With inflation at a 40-year high in June, the Federal Reserve is feeling the pressure to raise interest rates for the fourth consecutive month in hopes of slowing runaway inflation. However, Americans worry that rapidly increasing rate hikes might send the U.S. into a tailspin recession.
In Fed Chairman Jerome Powell's testimony to the Senate last month, he stated, "It is essential that we bring inflation down if we are to have a sustained period of strong labor market conditions that benefit all."
The Fed hopes its actions will force employers to slash spending because of the added burden of increased interest on business and consumer loans.
To regain control of inflation and get on track to a more "neutral" state, the Fed raised rates in June by .75 percent. This substantial hike was more than was forecasted in previous talks.
Chairman Powell signaled to Americans that another substantial rate hike would be announced this Wednesday and stated, "Having seen inflation come above target over and over again, we said we'd move more aggressively if it was appropriate. We thought it was appropriate."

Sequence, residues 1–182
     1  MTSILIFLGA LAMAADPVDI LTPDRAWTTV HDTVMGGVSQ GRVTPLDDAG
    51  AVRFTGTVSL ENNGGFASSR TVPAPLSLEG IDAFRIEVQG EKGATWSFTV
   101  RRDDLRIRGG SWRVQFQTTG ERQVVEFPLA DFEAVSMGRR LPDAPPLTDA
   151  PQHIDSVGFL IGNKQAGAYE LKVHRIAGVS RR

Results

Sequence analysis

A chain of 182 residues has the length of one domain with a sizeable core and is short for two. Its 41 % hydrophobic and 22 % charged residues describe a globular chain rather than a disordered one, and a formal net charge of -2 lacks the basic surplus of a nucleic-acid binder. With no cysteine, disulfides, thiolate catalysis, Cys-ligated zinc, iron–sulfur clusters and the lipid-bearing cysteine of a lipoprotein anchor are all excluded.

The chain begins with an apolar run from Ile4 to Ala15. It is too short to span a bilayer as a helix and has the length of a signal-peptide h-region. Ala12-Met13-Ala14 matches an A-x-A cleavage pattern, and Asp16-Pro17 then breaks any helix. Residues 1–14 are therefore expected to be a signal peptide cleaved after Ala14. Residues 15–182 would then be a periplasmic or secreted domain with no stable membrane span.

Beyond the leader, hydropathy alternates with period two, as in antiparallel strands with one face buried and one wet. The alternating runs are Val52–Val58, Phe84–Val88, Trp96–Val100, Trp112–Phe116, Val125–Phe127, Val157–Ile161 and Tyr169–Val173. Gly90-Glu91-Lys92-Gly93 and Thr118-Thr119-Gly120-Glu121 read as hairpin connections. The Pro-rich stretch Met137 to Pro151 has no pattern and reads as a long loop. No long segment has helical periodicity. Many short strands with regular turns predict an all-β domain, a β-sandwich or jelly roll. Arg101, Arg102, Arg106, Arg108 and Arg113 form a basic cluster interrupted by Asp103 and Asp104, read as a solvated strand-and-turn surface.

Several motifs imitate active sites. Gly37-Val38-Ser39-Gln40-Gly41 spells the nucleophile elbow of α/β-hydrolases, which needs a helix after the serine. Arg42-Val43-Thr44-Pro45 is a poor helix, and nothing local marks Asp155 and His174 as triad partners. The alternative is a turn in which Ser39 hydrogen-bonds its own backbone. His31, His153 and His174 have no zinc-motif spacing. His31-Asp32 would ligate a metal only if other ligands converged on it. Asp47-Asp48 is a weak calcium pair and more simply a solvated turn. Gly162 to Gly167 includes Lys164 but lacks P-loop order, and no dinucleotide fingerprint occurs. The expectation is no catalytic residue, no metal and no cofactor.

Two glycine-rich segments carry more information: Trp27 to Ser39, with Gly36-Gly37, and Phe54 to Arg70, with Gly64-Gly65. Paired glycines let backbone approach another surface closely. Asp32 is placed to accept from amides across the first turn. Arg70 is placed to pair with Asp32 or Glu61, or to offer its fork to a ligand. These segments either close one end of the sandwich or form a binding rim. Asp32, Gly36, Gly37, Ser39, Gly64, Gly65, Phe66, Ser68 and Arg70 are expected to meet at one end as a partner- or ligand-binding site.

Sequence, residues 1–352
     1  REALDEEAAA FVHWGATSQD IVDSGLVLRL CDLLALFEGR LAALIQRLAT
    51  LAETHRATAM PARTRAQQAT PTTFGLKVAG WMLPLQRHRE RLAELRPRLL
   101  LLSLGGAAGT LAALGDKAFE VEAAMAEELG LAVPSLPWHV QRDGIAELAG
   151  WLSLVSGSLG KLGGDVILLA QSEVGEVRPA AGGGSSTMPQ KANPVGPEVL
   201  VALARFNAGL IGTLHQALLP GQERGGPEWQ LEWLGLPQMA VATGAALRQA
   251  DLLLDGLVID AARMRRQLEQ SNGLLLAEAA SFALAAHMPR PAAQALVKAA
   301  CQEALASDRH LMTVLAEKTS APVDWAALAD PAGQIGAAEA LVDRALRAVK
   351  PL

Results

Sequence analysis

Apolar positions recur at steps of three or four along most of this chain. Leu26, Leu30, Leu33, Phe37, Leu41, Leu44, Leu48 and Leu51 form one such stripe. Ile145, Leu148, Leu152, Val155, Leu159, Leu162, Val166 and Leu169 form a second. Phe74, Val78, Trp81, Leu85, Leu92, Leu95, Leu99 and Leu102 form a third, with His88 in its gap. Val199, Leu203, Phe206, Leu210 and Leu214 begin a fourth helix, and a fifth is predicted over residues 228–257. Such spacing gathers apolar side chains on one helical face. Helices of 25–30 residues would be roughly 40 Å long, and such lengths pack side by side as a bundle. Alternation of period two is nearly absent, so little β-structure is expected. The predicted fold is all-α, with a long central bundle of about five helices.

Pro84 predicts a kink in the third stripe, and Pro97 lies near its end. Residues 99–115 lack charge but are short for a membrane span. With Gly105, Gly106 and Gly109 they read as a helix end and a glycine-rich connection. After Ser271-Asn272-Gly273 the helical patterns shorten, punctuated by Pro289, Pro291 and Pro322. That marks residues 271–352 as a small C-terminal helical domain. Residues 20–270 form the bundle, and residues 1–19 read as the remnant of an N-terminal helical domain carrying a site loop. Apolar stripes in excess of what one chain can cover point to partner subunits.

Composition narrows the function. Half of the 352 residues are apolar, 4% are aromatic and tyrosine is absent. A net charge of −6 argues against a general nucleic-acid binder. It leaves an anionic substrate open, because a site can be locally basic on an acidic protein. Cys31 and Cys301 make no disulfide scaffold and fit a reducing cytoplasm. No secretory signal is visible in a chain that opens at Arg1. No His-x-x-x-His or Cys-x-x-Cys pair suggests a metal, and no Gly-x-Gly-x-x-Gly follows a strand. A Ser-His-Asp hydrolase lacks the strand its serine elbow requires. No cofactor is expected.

The Senate pushed back, expressing concerns about a potential recession on the horizon. Chairman Powell replied that while a recession may be possible, it would not be caused by the Fed, insisting the economy is strong enough to handle steady increases.
To combat the consumer price index growth of 9.1% seen in June, Chairman Powell is predicted to announce a significant three-quarter-point interest rate hike this month. He will also potentially announce another in September, as well as provide information regarding when the increases will be paused.
While the Fed continues to set expectations of growing interest rates throughout the year, the question remains to what extent they will be raised and when the rate hikes will stop.
The U.S. Federal Reserve isn't the only central bank making these moves. Central banks worldwide are enacting similar rate hikes to tackle inflation, including the European Central Bank and the Bank of Canada.